As Boston looms, so do the fears that haunt every marathoner
The Boston Marathon is less than one week away. Presumably, most of the 30,000 runners who will be taking the bus to Hopkinton on Patriots’ Day have already eased into late-taper, cruise-control mode. The hard work of marathon training is over. Only the small matter of racing 26.2 miles remains. It’s time to bust out distance running’s favorite cliché: “The hay’s already in the barn.”
That line never really did it for me. I think it’s because I tend to fall into the trap of indulging in what I call taper week “What If?” Syndrome—that is, the gloomy habit of envisioning hypothetical scenarios of all that might still go wrong. The hay may be in the barn, but what if the barn is struck by lightning and catches fire?
Sound familiar? In the spirit of allaying one’s fears by confronting them head-on, here are a few textbook symptoms of race week anxiety.
What If I’m Really Undertrained?
Another ubiquitous thing you might hear during race week is that you should “trust in your training” or, more pretentiously, “trust the process.” The obvious caveat here is that, as a means of reassurance, the mantra only works if your training has actually been good. What if your training has been a colossal shitshow? Alternatively, what if, a week before race day, you find out that the person you were hoping to use as a pacer has secretly been logging 30 miles more per week than you? Remember that sinking feeling you had in high school when, minutes prior to an exam, one of your peers asks about some theorem and you realize you have no idea what the hell they’re talking about? This is like that, only feigning sickness won’t help. Luckily, Outside has a handy guide for surviving a marathon that you haven’t really prepared for.
What If I Get the Flu?
Speaking of feigning sickness, taper week is prime time for runner hypochondria. One becomes increasingly paranoid that months of training will go to waste because of untimely illness or injury. A minor hamstring ache that you wouldn’t have noticed a few months ago suddenly augurs calamity. Ditto that scratchy throat. You become so wary of enclosed crowded spaces that you consider investing in one of those masks that Michael Jackson used to wear. You discover there’s no subtle way to quarantine yourself from your significant other who has a minor cold.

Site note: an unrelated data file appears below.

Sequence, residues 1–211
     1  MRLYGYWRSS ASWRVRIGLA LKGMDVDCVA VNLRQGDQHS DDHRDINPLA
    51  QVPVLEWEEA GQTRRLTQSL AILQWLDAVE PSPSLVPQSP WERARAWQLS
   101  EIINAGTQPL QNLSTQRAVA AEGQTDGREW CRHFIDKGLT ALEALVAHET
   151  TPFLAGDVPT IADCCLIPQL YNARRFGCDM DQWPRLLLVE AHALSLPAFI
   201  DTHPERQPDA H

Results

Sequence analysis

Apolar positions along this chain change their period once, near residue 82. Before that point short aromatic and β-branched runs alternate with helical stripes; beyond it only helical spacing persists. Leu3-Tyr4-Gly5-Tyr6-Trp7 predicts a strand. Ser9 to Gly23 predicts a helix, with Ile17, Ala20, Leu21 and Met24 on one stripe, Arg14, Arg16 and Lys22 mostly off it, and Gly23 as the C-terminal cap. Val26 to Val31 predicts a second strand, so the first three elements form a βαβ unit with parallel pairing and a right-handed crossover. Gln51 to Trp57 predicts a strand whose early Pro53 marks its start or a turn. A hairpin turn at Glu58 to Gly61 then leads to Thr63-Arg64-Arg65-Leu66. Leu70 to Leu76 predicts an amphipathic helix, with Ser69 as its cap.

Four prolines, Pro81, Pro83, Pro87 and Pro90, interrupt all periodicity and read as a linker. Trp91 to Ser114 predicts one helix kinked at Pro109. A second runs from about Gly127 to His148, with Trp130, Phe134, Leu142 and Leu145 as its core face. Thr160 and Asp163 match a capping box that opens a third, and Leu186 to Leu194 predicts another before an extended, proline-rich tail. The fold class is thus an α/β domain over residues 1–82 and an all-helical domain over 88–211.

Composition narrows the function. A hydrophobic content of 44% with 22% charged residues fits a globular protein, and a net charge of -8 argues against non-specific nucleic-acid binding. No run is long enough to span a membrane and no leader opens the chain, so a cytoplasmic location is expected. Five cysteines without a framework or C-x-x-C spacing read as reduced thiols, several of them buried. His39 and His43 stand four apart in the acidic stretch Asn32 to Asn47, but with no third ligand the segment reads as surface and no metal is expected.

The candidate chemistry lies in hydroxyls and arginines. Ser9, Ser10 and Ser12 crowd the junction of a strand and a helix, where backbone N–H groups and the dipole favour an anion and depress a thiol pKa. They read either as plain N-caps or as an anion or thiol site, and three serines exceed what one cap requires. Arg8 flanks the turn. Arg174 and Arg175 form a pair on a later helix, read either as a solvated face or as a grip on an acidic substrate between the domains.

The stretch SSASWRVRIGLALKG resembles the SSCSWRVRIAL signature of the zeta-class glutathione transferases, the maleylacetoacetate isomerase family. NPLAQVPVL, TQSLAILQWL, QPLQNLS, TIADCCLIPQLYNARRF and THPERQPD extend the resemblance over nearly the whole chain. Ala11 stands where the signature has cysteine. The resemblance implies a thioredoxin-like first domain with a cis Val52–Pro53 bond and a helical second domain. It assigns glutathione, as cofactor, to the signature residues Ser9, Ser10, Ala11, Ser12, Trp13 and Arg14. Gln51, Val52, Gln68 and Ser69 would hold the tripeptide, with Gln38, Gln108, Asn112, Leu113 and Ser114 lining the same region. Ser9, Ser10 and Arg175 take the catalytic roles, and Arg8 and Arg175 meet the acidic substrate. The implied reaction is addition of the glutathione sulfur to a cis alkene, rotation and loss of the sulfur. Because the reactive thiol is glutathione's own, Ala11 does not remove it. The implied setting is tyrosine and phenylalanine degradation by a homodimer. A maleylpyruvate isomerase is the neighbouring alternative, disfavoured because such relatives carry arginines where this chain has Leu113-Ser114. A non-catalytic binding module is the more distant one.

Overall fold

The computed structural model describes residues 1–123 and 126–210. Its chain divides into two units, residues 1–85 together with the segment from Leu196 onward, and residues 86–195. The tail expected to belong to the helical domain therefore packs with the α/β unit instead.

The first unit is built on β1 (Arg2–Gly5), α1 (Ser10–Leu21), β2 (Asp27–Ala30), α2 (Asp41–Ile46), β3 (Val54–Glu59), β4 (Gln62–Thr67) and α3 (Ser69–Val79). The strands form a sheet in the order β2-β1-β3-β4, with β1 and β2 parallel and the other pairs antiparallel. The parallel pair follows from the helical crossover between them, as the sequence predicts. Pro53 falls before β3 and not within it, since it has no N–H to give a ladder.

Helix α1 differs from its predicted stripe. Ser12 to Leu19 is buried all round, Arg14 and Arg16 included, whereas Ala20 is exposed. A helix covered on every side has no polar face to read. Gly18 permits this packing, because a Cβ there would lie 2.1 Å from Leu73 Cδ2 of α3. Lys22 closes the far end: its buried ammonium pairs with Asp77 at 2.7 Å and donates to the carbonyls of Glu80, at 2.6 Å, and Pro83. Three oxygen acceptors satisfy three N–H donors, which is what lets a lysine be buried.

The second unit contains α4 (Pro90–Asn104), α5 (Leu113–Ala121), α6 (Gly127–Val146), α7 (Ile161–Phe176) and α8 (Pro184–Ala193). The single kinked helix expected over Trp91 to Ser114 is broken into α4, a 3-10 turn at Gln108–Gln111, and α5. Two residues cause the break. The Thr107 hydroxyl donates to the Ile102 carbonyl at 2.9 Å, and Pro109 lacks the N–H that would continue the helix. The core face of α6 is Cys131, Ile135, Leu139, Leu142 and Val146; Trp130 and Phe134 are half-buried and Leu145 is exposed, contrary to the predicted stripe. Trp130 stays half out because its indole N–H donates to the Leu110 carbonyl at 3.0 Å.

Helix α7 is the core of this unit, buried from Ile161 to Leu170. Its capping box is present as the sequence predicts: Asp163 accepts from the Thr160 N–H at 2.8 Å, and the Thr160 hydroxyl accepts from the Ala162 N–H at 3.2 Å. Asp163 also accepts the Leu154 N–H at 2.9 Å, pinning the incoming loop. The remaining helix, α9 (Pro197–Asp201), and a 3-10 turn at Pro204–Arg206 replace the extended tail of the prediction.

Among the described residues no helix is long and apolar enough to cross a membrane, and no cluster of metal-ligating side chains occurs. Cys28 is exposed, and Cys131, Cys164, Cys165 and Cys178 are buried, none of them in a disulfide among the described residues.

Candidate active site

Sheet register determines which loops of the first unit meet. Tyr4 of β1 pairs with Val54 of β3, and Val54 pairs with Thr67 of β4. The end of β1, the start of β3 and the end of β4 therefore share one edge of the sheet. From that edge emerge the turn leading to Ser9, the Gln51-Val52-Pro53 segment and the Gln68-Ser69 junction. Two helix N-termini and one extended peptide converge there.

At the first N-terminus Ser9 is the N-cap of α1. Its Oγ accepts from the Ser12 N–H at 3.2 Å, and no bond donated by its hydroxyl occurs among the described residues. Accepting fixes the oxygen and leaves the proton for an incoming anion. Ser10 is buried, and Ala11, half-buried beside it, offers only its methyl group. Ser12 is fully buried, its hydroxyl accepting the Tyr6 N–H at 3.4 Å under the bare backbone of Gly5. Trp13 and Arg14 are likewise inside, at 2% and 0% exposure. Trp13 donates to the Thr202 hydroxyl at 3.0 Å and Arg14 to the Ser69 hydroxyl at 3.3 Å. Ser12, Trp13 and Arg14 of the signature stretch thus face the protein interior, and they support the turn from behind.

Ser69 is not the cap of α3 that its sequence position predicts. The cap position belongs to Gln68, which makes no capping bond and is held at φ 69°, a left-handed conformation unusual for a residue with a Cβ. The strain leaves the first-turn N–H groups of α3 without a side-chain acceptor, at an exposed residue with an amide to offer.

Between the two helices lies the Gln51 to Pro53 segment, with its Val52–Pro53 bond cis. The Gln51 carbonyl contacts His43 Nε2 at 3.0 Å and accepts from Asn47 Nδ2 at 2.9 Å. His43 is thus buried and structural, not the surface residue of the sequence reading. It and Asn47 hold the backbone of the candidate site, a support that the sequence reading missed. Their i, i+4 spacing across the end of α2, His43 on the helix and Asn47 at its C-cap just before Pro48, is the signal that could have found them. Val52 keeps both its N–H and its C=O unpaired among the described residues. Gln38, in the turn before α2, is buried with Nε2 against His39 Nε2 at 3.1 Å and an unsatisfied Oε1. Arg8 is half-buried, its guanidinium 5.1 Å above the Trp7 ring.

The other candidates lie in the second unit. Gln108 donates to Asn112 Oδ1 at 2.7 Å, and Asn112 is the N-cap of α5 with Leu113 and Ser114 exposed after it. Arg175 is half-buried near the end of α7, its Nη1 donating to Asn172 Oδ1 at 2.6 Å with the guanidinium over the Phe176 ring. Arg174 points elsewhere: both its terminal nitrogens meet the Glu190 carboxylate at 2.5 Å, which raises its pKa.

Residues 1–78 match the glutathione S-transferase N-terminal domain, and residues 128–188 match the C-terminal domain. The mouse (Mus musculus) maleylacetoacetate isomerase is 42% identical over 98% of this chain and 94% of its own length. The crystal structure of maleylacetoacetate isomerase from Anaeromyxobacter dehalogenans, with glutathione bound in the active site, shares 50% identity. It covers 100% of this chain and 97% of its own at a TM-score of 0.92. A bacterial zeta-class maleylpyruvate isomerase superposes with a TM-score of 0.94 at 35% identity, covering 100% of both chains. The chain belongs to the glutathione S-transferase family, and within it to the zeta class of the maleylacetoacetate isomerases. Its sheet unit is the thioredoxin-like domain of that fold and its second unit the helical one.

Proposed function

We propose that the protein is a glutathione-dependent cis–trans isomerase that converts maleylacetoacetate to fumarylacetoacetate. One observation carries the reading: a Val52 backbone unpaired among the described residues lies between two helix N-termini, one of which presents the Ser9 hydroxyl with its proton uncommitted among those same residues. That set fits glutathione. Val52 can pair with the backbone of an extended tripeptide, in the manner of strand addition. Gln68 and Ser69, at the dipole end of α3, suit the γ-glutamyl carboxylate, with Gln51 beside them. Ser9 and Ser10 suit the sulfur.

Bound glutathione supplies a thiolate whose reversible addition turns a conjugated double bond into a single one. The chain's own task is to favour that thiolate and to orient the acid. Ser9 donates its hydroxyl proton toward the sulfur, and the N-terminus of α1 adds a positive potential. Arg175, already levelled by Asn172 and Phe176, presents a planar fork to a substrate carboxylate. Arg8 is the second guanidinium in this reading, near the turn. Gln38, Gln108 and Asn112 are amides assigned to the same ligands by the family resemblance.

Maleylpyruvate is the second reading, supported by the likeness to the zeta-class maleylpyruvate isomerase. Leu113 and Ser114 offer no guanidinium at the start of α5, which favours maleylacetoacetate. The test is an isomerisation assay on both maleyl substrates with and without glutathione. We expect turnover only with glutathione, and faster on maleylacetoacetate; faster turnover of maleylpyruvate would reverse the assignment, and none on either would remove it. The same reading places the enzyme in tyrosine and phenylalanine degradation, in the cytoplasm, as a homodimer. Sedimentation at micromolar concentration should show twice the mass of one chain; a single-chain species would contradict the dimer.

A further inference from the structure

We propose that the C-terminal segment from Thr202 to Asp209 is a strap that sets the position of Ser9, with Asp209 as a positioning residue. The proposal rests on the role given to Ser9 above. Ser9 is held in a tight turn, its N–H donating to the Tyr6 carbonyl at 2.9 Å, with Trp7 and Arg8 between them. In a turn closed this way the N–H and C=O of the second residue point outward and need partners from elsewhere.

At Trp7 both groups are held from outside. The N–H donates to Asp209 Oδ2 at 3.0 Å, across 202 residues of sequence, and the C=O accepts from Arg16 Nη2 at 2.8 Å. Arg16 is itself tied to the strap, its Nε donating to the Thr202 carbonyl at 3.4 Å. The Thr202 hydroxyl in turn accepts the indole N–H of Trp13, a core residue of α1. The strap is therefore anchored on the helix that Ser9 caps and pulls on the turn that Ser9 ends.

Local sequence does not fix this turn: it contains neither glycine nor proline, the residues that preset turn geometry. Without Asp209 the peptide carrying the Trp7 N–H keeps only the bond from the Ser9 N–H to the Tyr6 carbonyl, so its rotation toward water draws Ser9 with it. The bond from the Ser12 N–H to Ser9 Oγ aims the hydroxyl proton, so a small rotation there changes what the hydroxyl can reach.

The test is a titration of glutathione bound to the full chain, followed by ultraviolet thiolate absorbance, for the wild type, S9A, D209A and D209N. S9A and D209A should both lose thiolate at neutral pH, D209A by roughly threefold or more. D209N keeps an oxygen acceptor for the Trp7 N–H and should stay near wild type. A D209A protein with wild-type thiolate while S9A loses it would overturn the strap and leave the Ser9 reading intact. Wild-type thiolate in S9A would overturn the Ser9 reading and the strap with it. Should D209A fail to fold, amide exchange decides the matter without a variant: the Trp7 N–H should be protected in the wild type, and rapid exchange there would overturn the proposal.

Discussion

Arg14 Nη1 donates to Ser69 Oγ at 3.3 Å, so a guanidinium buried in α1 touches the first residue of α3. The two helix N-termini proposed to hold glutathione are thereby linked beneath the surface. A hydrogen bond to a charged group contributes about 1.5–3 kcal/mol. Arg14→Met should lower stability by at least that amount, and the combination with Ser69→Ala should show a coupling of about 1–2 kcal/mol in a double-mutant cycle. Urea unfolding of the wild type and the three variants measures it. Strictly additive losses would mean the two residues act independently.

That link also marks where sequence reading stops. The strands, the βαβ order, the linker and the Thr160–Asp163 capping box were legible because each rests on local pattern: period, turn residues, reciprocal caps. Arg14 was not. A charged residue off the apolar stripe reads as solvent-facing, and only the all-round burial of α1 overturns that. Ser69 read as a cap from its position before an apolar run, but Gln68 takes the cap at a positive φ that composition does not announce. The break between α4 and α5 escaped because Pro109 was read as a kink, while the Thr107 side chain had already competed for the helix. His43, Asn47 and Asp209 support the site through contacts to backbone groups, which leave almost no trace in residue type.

What If My Stomach Betrays Me?
Fueling plays a big role when it comes to marathon preparation, so it’s only to be expected that the subject would also be relevant to race week jitters. To make matters worse, prospective food woes can come from multiple fronts. On the one hand, there’s the threat of conventional food poisoning: a ceremonious pre-race dinner of coq au vin seems like a prudent choice until you feel the rumblings of salmonella. Then there are food issues that can occur midcourse: It’s difficult to be 100 percent confident about how your body is going to react when you guzzle a caffeine-infused gel after cresting Heartbreak Hill. One encouraging thing to remember here, however, is that there have been some memorable performances in which runners experienced on-course stomach issues and still went on to glory. Two favorite examples: Paula Radcliffe in 2005 demonstrating that Porta-Potties are for suckers, and Bob Kempainen projectile vomiting at mile 22 of the 1996 Olympic Marathon Trials while hardly breaking his stride.
What If I Have to Race in Awful Conditions?
Telling someone not to worry about what they can’t control is sound, rational advice. It’s also a completely useless thing to say to a marathoner when it comes to fretting about race day weather—particularly for an event like Boston, where it can snow or hit the mid-80s. In the past, I’ve told myself that I wouldn’t look up morning-of conditions until two days out for maximum accuracy, only to ultimately end up consulting multiple ten-day forecasts on different websites. In my defense, the case can be made that the amateur runner has more cause to worry about weather than the professional: Generally speaking, pros compete for place, whereas non-pros are in it for time. When your main objective is to beat those around you, that race day scorcher can potentially be an advantage. When your goal is to PR, not so much.
If all else fails, the best cure for race week What If? Syndrome is simply to take a big-picture approach. Remind yourself that whether you fail or succeed on race day is not going to matter much in a few billion years when the sun expands enough to vaporize our planet. It’s advisable, however, to forget about this if you wind up having the race of your life.